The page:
Democrats held a presser yesterday pounding GOP Rep. Marlin Stutzman for his own rhetorical air biscuit, so now here’s Boehner repaying the kindness by seizing on today’s White House Kinsleyan gaffe. (The “Let’s Talk” hashtag in the background is straight out of Rand Paul’s playbook of framing the GOP as the reasonable, dialogue-happy counterpart to obstinate Dems.) Just one question: Isn’t this sort of a game at this point? There’s no consensus even within the GOP about what the endgame might look like or what they should be demanding at this point in exchange for a debt-ceiling hike. (Which, actually, was Stutzman’s whole point.) Here’s Byron York writing two days ago about a shutdown adrift:
As the shutdown took hold, the House GOP leadership changed course from trying to limit Obamacare to an effort to mitigate the effects of the shutdown. Boehner and his colleagues came up with bills that would fund the National Park Service, the Department of Veterans Affairs, the Smithsonian, the National Gallery of Art, the Holocaust Museum, and the District of Columbia government. The bills were considered under special rules, which in the end meant that House Democrats were able to kill them — before Senate Democrats could kill them…
Sometimes fights become so intense and so tangled that the original cause becomes obscured. In the government funding battle, the issue that sparked it all, Obamacare, was no longer center stage less than 24 hours after the shutdown began. The fight is now about the shutdown itself, and Obamacare has been pushed to the side.
One Republican senator told the NYT that the most recent caucus meeting was a virtual “lynch mob” against Ted Cruz, with Cruz calling his critics defeatists but otherwise offering no way forward. Meanwhile, in the House, Boehner has essentially three options: (1) Throw in the towel by passing a clean CR/debt-ceiling hike with Democratic votes, which probably means he’s done as Speaker; (2) put together some sort of “grand bargain,” which has proved impossible even when Democrats had less leverage than they do now; or (3) extract some face-saving “pound of flesh” and call it a day. Ryan Lizza:
2. Boehner’s next option is what some Republicans described to me as the “pound of flesh” plan. Perhaps there is some small, preferably Obamacare-related, policy concession that the White House and Harry Reid would trade in exchange for opening the government. There was some movement on this front yesterday, as a few Democrats and Republicans announced a bill that would combine a C.R. with a repeal of the medical-device tax, which is not popular with Democrats, especially Senators in red states, and which is not a lynchpin of Obamacare.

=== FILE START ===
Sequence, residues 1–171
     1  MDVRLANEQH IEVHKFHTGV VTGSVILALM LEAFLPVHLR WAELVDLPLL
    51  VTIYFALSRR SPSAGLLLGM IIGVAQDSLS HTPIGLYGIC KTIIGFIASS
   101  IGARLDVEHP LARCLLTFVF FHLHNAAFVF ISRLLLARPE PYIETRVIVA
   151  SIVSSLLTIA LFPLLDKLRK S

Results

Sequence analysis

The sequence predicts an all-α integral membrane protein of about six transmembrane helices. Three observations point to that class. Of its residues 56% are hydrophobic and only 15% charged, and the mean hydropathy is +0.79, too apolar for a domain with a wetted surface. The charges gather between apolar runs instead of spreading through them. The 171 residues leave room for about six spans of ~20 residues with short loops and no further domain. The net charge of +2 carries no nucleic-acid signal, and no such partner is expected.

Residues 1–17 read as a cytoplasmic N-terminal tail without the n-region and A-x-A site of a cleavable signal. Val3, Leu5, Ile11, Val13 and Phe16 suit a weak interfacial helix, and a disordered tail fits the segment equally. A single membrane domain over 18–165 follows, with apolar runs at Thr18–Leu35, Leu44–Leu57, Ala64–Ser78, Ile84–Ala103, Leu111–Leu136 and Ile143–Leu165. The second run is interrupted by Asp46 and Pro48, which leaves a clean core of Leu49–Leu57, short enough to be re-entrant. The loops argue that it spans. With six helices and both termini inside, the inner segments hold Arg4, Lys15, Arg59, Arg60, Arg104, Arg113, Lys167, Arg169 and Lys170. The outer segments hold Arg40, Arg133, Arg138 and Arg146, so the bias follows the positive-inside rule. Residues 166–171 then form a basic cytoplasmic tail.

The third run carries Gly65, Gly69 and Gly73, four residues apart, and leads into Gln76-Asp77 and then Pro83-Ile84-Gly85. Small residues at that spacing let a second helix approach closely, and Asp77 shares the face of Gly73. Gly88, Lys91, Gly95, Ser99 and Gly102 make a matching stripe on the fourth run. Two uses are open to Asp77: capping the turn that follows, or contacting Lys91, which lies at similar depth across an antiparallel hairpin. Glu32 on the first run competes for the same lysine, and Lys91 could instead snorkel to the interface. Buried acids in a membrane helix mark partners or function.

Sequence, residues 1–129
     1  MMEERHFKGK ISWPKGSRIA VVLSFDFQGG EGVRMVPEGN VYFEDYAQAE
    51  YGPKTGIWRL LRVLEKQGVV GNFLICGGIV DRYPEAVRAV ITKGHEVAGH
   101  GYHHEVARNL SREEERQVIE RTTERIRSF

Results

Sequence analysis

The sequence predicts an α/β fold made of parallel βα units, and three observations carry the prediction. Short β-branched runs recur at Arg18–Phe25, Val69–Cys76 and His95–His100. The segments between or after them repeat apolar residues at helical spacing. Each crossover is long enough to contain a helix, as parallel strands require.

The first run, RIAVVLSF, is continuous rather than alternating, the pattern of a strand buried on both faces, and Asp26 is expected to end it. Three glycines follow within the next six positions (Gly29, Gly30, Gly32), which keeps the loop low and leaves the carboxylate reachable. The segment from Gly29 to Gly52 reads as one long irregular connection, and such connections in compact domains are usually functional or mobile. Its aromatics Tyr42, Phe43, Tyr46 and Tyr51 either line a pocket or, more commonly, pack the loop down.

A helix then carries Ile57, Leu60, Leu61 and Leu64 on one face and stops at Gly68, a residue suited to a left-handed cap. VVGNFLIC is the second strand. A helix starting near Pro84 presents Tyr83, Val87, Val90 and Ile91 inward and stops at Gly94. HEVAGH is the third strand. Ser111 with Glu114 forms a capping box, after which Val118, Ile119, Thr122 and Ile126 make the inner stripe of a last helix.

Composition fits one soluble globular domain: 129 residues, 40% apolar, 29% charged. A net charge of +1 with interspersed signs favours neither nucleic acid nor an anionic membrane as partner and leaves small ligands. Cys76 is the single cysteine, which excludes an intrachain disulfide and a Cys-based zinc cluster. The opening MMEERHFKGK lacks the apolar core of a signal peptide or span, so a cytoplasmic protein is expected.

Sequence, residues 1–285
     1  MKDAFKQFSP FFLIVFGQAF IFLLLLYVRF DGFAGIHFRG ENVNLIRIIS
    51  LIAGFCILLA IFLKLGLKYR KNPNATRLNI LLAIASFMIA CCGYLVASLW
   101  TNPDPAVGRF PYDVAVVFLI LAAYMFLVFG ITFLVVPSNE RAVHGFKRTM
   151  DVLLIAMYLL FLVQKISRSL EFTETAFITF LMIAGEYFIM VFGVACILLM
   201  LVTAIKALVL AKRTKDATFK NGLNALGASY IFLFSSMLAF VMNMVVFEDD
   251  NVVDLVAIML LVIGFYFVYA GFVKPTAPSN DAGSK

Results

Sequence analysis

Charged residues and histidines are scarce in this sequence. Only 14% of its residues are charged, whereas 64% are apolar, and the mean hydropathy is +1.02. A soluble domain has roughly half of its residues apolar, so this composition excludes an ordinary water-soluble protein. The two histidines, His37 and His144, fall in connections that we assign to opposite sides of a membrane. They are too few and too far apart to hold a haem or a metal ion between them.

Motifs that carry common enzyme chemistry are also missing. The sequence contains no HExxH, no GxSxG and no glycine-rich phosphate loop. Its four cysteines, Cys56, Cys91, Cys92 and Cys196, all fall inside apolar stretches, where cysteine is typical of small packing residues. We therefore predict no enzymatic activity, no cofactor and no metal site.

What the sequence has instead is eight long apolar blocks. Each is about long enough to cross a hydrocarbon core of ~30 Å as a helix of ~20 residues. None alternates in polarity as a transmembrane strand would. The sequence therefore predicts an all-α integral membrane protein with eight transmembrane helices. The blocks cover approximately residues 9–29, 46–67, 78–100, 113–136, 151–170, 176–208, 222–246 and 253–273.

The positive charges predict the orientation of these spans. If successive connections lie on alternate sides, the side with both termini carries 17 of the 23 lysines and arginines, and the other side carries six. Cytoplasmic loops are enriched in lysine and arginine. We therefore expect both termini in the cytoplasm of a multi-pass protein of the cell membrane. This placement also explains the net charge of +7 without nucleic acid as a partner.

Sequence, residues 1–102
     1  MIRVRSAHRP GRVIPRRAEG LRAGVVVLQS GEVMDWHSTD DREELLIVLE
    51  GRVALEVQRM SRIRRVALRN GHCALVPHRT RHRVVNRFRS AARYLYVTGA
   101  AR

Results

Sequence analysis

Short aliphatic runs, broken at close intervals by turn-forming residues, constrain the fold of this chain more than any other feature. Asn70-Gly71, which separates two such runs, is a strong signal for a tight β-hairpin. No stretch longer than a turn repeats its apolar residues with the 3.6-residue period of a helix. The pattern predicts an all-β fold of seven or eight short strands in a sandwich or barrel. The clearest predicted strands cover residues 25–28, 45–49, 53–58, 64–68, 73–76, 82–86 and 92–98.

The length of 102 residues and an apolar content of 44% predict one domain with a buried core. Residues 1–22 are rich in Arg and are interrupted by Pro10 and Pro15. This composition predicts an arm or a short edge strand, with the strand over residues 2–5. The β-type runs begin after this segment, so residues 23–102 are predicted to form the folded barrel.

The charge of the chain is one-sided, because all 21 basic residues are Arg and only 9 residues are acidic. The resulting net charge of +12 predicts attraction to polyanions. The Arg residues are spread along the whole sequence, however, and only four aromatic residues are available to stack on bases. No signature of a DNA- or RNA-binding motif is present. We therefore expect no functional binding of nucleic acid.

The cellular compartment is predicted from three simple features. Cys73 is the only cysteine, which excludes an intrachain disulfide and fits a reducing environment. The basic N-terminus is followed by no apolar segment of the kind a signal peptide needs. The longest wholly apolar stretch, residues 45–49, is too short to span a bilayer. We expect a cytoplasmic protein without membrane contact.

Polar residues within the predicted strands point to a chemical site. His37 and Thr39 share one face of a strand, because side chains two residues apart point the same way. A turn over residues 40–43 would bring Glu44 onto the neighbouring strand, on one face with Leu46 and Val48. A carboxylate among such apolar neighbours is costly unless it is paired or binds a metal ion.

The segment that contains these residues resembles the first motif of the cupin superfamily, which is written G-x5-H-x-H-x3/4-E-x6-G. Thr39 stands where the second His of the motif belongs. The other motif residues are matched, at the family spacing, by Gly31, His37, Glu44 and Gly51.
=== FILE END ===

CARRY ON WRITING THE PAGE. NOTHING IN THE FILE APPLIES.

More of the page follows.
But this may be the worst of both worlds. It would violate Obama’s pledge not to negotiate under threat of a shutdown, and it might not be a big enough trophy for Boehner to mollify his right flank.
Having said that, as the shutdown drags on, and as the political pain increases for Republicans, and perhaps for Obama as well, the search for a mutually agreeable pound of flesh may grow more intense.
Repealing the medical-device tax wouldn’t be a pound of flesh, it’d be an ounce. The Senate voted 79-20 back in March to repeal the tax as part of a nonbinding budget resolution; if the result of all this shutdown sturm and debt-ceiling drang is only to force the end of a minor ObamaCare provision that Democrats have already voted to end once before, it’d be as humiliating as passing a clean CR. As Stutzman put it, bluntly showcasing the face-saving calculus at this point, “We’re not going to be disrespected. We have to get something out of this.” The medical-device tax barely qualifies as “something.”
Anyway, all (or most) of this was foreseeable. That’s the irony of the quote that has the White House in trouble this morning: Of course they wanted a shutdown. Of course they’d see it as a game that they could win for political advantage. That’s why so many RINOs urged Boehner not to let things get to this point. Exit question: Is it true, as Conn Carroll argues, that Boehner and House Republicans will never cave on the debt ceiling because to do so means “the debt limit will be dead forever as a functional tool to limit executive power and control federal spending”? If anything, that seems like it’d be a feature, not a bug, for centrist Republicans: The only thing more torturous than having to play chicken with the debt limit this time is the prospect of having to play it again and again and again as we approach the limit again in years to come? If they’re going to cave and eat mountains of crap from tea partiers, they might as well cave big by passing some sort of bill (Ramesh Ponnuru suggests one here) that would avert confrontations like this in the future.